I describe myself as being a quintessential San Diegan. I am Native American, Filipino, Puerto Rican and Dutch. And the way that happened is that all four of my grandparents came to San Diego because of the military and to work in the defense industry.
You have these people from these very different backgrounds who are able to come here and make a life for themselves and I worry very much that stories like theirs are not replicable in San Diego in 2020. My public service is about trying to make sure those pathways of opportunity continue to exist.
[See California election results.]
Can you say more about what you mean when you say, and I’m paraphrasing, that San Diego is a big city, so it should act like one?
So I hate to start with a negative, but it doesn’t mean turning San Diego into Los Angeles. In fact, it’s in my DNA to resist that.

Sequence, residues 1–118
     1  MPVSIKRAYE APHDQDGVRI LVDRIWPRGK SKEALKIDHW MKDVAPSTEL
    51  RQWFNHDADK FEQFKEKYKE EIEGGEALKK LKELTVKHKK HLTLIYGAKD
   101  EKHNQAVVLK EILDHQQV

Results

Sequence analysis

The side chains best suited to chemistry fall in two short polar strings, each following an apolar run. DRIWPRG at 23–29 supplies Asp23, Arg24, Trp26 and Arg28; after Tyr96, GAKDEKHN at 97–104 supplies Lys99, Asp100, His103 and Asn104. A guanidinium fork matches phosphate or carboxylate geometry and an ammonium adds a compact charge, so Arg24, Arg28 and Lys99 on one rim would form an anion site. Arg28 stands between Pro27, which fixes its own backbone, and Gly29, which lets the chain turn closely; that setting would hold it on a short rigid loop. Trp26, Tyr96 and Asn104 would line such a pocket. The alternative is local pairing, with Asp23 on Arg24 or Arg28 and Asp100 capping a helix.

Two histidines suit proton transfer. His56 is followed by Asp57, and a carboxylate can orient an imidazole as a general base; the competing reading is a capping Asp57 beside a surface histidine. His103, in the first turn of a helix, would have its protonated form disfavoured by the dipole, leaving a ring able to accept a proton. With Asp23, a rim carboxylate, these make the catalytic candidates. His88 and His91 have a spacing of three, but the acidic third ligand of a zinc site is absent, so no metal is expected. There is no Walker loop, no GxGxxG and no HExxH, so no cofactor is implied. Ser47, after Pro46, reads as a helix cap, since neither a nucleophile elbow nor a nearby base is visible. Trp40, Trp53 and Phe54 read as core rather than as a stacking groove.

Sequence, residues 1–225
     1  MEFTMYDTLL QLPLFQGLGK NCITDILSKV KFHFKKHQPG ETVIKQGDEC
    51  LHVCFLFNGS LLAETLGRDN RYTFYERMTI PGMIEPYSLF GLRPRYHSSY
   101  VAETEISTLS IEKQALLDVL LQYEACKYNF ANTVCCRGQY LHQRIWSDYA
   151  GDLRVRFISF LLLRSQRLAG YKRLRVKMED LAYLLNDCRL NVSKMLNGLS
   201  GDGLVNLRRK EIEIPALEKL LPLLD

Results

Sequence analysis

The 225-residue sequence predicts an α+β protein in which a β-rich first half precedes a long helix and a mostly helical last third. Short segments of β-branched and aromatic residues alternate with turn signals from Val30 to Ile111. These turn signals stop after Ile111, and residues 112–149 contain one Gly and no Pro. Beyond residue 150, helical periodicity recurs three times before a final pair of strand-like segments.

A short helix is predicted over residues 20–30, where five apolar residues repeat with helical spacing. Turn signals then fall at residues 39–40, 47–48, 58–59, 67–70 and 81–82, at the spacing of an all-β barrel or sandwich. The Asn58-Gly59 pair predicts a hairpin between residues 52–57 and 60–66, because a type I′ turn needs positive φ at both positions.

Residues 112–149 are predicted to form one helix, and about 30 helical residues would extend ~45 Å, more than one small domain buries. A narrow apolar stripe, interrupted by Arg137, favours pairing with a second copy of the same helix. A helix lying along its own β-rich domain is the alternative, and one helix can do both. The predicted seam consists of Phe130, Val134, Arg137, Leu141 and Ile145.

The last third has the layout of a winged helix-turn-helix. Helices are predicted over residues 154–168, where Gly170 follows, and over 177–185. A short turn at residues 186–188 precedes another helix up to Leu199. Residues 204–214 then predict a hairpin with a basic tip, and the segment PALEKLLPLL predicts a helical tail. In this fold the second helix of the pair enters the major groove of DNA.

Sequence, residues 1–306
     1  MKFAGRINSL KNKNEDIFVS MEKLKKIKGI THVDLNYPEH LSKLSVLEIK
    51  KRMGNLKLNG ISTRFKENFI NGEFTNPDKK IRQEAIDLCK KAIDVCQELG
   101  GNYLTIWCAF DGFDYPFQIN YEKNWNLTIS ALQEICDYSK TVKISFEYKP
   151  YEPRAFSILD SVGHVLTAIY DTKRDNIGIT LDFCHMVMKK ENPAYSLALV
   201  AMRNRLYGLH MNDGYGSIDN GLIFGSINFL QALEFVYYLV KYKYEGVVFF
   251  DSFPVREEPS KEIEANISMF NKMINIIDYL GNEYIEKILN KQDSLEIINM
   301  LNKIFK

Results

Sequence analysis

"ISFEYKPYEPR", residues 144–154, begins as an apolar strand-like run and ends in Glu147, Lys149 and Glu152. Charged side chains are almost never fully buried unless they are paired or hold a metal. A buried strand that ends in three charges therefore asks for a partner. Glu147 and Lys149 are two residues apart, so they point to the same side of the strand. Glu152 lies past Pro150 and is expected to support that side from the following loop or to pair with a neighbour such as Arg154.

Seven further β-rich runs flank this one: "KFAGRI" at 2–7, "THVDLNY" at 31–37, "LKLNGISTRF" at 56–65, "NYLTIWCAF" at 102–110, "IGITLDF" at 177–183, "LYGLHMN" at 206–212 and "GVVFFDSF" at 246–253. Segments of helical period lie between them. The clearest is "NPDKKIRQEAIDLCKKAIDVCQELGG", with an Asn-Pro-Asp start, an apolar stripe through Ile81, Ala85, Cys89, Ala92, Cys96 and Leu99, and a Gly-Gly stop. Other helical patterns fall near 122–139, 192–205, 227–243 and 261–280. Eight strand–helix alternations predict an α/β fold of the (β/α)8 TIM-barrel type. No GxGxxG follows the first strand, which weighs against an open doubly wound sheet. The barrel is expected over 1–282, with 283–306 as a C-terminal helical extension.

But here are a couple of quick examples of what I do mean: A good chunk of the primary election was spent debating vacation rentals and scooters. And these are our issues, but they’re not the biggest issues, and frankly, they’re issues other cities have successfully addressed. And we have not.
Another example is we’re spending more than we ever have on homelessness, but we’re not seeing the progress that San Diegans expect. And I think that’s largely because we’re not spending the money in following national best practices.
We’re doing things like buying indoor skydiving facilities to convert into homeless services centers that don’t have any housing. That’s small-town thinking in a big city.
I want to talk more about housing. I saw that you didn’t support S.B. 50, for instance, but you’ve been supportive of zoning for greater density in some areas. What’s your plan?